Cambridge Libraries Supporting Teaching and Learning

Collating the extravagance of our support for students

It’s been a busy summer, and a busy start to Michaelmas term! The support that everyone is providing to students is wonderful and it hasn’t gone unnoticed. To try to collate the extravagance of support available, Libby asked for examples using Padlet. The broad range of support is evident and each library is responding to local contexts, as such it’s really difficult to pick highlights, but this blog post offers some examples of the types of support libraries are providing.

The padlet board

There are general resources, such as the Cambridge libraries video and Leganto reading lists and also subject specific support with many FDLs offering induction videos, quizzes, and introductions via Teams, Zoom or Sway! Let’s not forget, special collections who are offering services we’re already taking for granted like ‘scan and deliver’ and reading room bookings.  

Other libraries have found time to focus on big projects, such as the Education Online library, and the Moore library Online Learning Hub. Whilst other resources are fun and welcoming e.g. BookJoys, a StarWars themed promotion of Click & Collect at the Divinity library and the avatars which the Engineering team are using to break down barriers and create a welcoming social media campaign.

The virtual Engineering Team

There are many examples of synchronous training which has taken place. For example, in October alone the Medical library team trained more than 2000 participants in topics ranging from literature searching and referencing software to critical reading, writing for publication, research data management, and creating conference posters. The sessions have been extremely popular. One staff member was nominated for a teaching award by ClinSoc, the clinical student society, in recognition of support provided remotely during the pandemic.

Other libraries have blended asynchronous online modules with follow up live sessions. For example,  Biological Sciences, Geography, Music and many more. LibGuides are a popular vehicle for signposting resources and I like the analogy of LibGuides being launchpads for students to find what they need. Resources have been embedded into Moodle, and the Springshare suite of tools has been put to good use with extensive use of LibCal for seat bookings etc and Libwizard used to create quizzes and interactive content.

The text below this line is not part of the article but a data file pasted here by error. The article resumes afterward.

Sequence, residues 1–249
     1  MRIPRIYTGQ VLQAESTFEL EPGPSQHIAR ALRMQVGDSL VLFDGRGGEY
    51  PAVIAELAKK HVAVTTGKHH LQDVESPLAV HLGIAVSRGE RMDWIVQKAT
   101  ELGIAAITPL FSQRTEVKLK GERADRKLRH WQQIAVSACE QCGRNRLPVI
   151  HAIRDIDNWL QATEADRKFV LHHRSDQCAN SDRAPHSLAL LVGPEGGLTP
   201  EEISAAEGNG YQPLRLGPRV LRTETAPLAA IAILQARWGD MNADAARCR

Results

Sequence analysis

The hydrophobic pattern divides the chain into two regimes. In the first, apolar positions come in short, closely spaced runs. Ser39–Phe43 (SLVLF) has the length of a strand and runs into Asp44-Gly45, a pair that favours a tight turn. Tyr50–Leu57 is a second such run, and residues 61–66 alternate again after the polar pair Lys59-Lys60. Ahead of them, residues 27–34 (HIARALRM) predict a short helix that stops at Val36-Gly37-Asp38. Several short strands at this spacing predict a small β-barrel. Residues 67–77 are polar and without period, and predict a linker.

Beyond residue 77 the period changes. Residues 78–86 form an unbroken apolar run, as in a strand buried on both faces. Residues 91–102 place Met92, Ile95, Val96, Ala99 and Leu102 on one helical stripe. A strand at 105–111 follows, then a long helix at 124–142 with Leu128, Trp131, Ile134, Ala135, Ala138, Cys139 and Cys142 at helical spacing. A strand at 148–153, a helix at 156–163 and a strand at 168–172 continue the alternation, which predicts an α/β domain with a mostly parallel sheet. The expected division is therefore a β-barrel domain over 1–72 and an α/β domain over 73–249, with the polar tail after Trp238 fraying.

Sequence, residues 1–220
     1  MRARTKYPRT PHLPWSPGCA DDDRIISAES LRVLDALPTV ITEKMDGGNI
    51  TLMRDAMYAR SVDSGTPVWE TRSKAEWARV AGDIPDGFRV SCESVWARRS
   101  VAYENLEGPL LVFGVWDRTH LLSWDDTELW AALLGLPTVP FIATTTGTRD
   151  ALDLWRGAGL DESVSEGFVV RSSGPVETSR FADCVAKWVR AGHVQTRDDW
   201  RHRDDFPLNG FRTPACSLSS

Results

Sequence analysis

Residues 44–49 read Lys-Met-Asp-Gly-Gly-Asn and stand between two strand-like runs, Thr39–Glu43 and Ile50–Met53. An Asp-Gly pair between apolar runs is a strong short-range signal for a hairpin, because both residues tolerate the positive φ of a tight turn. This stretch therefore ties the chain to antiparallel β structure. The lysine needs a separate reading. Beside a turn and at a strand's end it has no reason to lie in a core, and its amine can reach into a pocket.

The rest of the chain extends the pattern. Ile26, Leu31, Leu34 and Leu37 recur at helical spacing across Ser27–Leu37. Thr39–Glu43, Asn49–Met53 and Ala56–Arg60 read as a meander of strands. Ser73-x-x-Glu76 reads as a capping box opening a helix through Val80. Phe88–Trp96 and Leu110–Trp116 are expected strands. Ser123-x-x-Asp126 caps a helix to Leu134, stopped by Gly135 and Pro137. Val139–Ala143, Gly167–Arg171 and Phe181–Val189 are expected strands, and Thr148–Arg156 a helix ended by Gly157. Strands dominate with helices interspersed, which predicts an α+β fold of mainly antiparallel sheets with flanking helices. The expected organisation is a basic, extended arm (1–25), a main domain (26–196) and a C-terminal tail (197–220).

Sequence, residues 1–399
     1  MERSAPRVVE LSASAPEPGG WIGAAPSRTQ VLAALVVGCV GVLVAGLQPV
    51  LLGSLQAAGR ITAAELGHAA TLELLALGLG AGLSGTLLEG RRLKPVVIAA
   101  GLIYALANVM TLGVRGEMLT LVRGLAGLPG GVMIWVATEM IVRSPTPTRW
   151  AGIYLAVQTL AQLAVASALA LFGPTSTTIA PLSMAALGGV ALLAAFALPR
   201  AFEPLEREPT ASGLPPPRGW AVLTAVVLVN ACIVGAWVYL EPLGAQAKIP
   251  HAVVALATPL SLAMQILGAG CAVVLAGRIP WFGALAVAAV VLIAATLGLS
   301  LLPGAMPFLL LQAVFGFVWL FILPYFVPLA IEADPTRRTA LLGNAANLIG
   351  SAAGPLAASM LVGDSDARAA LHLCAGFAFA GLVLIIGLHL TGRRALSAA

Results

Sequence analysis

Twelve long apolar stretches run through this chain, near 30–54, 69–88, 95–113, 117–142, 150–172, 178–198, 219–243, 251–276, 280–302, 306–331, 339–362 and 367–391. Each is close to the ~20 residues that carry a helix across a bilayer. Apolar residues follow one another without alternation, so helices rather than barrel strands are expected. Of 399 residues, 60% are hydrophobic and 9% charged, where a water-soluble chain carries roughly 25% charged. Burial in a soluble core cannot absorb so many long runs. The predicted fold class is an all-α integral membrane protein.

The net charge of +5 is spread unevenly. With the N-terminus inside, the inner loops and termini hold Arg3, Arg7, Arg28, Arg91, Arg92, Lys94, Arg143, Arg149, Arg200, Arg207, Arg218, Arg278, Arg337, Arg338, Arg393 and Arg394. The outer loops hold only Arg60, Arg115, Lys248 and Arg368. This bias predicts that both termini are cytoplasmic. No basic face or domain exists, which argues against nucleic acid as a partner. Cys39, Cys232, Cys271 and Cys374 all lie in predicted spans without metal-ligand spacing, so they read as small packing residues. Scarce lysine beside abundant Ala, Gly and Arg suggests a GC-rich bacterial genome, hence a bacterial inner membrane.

Another feature of the ‘new normal’ is library support on a one to one basis, this is not new but Economics says that there have been more one-to-one sessions than ever before. Similarly, the Engineering team offer personal supervisions on specific topics, and the Education team offer bookable 1-2-1 research sessions ; a student gave the following feedback:

“The call was effective but also very friendly, which I loved! It has given me much more confidence to carry out systematic searches using the various databases and I also feel more comfortable using the other online resources available.” 

Another theme that comes across is continued support for student wellbeing. This is especially important in college libraries. Wolfson college offers virtual study sessions for students to connect online, share experiences, study with peer support and ask questions, plus extra sessions for self-isolating students. Queens are working with student reps to offer a range of options for bookable study spaces and Trinity have secured funding to build the general reading collection.

Take a look at the Padlet, get some ideas and populate it with your own projects. In addition, Laura Moss is also collating information and links on a spreadsheet, with content mapped to the IL framework, get in touch if you have anything to add.


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